where, A: effective piston area, Kv1, Kv2: volume stiffness of the primary liquid chamber and secondary liquid chamber respectively, =Kv1/(Kv1+Kv2), kr: dynamic stiffness of the main rubber, cr: damping coefficient of the main rubber, : angular frequency, n: resonant angular frequency of a liquid column, =/n , : damping ratio. Assuming a laminar flow in the orifice, the damping ratio

      can be obtained as follows [4]:

      where, d: hydraulic diameter of the orifice, l: orifice length, s: orifice section area, : dynamic viscosity of liquid, : pressure loss factor at the orifice inlet and outlet, x0: amplitude of engine vibration. The equation (3) can be derived from the concept of equivalent damping, in that the energy consumption of damping during a cycle should be equal to the work of liquid column performed by the pressure difference [3]. Equation (3) includes in the second term of the right-hand side, so the equation is nonlinear with respect to , and the value of can be obtained by numerical calculation. Substituting the value of into Equation (1) and (2), dynamic stiffness kt and the damping coefficient ct of a hydraulic mount can be expressed numerically as a function of the frequency and the amplitude, because Equation (3) includes the vibration amplitude x0 as well as the frequency ratio in its right-hand side. A compressive preload F coinciding with a given meg is applied to the mount through the hydraulic actuator. In this study, F= -1200 N unless specified otherwise. The actuator is now excited with a sinusoidal stroke x under closed-loop control [x(t)=X sint]

  4. Identification of Mount Characteristics

    Concerning parameters related to the dynamic characteristics, d, l, s are the orifice dimensions known at the design stage, while is also known. However, we can neither predict nor directly measure the parameters A, Kv1, Kv2, . Therefore, in this paper, those parameters were determined by the identification method as follows, using the measured dynamic characteristics data. First of all, n can be found from the intersecting point on a plot of ktkr curves versus the frequency over various amplitudes. Setting =1 in Equation (1) and (2), we obtain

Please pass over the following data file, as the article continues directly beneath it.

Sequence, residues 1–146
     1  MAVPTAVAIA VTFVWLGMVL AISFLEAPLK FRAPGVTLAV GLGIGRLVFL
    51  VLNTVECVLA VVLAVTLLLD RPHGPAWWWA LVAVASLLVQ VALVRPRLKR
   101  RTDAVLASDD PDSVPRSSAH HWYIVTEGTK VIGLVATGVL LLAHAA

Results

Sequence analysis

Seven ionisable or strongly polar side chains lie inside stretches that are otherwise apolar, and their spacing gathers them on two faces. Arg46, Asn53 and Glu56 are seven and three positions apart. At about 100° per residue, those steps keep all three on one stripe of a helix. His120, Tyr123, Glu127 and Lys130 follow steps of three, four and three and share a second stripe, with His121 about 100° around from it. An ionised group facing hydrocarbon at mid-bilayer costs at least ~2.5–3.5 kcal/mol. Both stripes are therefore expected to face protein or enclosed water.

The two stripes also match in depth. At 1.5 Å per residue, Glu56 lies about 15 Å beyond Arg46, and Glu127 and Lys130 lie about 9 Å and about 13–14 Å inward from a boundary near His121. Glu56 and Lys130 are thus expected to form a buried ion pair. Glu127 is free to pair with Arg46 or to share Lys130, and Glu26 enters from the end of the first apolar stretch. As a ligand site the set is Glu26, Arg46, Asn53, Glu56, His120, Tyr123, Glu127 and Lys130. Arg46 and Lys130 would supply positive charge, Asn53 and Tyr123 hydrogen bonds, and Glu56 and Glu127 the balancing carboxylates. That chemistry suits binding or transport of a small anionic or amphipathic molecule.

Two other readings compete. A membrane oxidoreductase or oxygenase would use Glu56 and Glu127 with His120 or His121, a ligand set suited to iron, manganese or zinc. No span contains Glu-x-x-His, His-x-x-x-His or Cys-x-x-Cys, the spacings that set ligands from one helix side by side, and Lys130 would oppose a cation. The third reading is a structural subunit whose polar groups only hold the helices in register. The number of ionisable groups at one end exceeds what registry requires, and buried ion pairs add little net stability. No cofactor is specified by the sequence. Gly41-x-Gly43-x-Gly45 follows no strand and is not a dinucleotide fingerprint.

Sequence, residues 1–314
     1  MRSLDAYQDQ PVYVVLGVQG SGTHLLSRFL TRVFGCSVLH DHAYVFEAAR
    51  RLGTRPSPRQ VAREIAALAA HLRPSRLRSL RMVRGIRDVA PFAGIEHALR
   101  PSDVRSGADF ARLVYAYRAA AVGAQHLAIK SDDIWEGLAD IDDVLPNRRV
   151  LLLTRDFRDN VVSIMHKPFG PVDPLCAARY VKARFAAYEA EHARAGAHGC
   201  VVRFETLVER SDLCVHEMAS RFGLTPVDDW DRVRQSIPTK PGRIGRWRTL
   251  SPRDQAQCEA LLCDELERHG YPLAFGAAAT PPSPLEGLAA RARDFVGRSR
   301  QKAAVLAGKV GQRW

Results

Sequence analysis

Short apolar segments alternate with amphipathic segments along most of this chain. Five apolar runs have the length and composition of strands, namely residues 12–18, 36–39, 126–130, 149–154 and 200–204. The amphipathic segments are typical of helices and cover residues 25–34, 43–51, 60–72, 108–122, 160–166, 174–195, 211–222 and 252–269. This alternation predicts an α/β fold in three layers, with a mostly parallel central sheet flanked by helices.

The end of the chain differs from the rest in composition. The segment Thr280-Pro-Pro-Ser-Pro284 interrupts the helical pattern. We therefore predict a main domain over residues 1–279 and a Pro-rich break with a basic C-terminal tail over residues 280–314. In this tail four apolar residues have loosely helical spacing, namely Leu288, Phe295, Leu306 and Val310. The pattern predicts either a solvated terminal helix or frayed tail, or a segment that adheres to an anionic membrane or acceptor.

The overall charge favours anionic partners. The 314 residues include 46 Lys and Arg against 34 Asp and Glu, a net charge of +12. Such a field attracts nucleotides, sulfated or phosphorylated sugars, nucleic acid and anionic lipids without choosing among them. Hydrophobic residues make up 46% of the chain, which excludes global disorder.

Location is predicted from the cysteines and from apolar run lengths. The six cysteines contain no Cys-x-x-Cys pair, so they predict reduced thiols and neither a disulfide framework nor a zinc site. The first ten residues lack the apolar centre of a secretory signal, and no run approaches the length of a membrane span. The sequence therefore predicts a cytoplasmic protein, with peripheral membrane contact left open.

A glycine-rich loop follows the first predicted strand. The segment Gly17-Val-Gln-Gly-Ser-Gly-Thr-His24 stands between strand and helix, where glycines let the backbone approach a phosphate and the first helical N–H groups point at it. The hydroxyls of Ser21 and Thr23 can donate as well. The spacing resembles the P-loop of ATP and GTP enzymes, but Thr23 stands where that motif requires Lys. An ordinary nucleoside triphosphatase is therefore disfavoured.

Providing = in equation (1), then

    From Equation (4) and (6),

    Then, Kv1 can be written as follows:

    where : liquid density.

    For the definition of , Kv2 is written as:

    From the equation (4),

    From equation (5) & (6); at =1 can be expressed as follows:

    Finally submitting 1 into equation (3) & letting =1; can be obtained as follows:

    The actual characteristics were measured at room temperature by a servo-hydraulic type dynamic loading tester (maximum force: ± 200 N, maximum dynamic displacement:±10 mm, frequency range: 5-1000 Hz). The parameters of the hydraulic mount, determined by the afore-mentioned method, are shown in Table 1. Using the determined parameters, the calculated results of the dynamic stiffness and the damping coefficient are shown in Figure 3 (a & b), and the calculated results agree closely with the measured data. Therefore, we can say that the numerical model of a hydraulic mount would be available with reasonable accuracy for reproducing the dynamic characteristics of the mount, including the frequency and the amplitude dependency. We treated the characteristics of the major principl elastic axis of a hydraulic mount in the manner mentioned above. However, for the other principal directions of a hydraulic mount or in case of a rubber mount, a multiple regression analysis was applied to represent the characteristics in this paper. The following equations show that the stiffness k is expressed as a function of the frequency fr and amplitude x, and the damping coefficient c is treated as a function only of the frequency fr.

  5. Vibration Analysis

    1. Equation of Motion

      The equation of motion of an engine can be written by Equation (15), regarding that a rigid body vibrates within a

      Where [M], [C], [K] are matrices of mass, damping and stiffness respectively, and {f}, {uG} are vectors of force and displacement at the centre of gravity.



      VALUE (no. of inlet)





      1.03 g/cm3